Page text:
Recursive resolver classification
Wrapping up my master's thesis
Recursive resolvers act as middlemen between clients and DNS name servers. Operators of authoritative name servers are interested in getting a better understanding of the recursive resolvers that query them, to optimize their own services, for example. Building a classifier for recursive resolvers was therefore the goal of the research I did for my master's thesis at SIDN Labs.
Resolvers can serve a variety of clients, ranging from end users who want to visit their favourite video streaming websites to scripts that crawl the internet for marketing or research purposes. A thorough understanding of which resolvers are most important allows operators of authoritative DNS services (such as SIDN) to understand how they should set up their server infrastructures to optimise interaction with those resolvers so as to provide the best possible service to the clients using them. Also, knowing the origins of the resolvers allows researchers to measure the adoption of new technologies in the DNS and could even enable us to estimate the number of users impacted by major changes to the DNS, such as the Root KSK rollover. Like my colleagues at .nz, I have been working on a project that involves the classification of recursive resolvers to increase our understanding of the aforementioned issues. The main difference between my project and the .nz project is that I sought not only to differentiate “real” recursive resolvers from resolvers used for monitoring purposes, but also to identify various additional kinds of resolver, such as cloud providers' resolvers, ISP resolvers and so on.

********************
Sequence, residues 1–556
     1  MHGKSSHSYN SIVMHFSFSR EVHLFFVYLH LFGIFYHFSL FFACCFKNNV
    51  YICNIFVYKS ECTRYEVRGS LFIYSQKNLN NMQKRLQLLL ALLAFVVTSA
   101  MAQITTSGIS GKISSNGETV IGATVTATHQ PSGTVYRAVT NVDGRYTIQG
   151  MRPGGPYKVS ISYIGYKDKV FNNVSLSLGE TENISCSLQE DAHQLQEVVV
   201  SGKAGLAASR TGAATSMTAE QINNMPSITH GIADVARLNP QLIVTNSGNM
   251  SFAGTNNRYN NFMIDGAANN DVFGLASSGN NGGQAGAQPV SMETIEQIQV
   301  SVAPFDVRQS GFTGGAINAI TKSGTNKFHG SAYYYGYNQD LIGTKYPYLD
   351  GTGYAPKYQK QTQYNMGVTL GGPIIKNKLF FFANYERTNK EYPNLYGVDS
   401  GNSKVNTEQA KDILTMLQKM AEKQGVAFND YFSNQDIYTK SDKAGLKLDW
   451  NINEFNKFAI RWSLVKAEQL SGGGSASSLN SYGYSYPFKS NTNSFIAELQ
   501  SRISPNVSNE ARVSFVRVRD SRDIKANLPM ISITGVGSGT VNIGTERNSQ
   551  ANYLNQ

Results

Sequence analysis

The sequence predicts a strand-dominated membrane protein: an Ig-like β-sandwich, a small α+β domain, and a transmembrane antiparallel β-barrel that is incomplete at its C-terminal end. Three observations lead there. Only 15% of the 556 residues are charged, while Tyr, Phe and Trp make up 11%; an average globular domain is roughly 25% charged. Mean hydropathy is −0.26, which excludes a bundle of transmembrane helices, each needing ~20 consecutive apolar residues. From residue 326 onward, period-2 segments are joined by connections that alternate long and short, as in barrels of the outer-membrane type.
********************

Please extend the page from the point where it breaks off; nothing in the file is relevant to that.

Dataset creation and feature selection
I have classified recursive resolvers based on query data collected on the .nl name servers. In principle, however, data collected on any large authoritative name server should be adequate. Recursive resolvers follow various patterns when querying .nl domain names. For example, while 82 per cent of the queries are sent by 20 per cent of resolvers for A or AAAA records, some resolvers query almost exclusively for NS records. I have collected data on twenty-seven distinctive features of nearly 1.4 million unique resolvers over the course of a single day. I have also mapped known IP addresses from known companies to their serving sectors to create seven different sector types: ISPs, hosting companies, cloud providers, IT firms, research foundations, telecommunications companies and open resolvers. That dataset served as my ground truth.
Figure 1 — Companies and their traffic percentages on .nl NSs in March 2019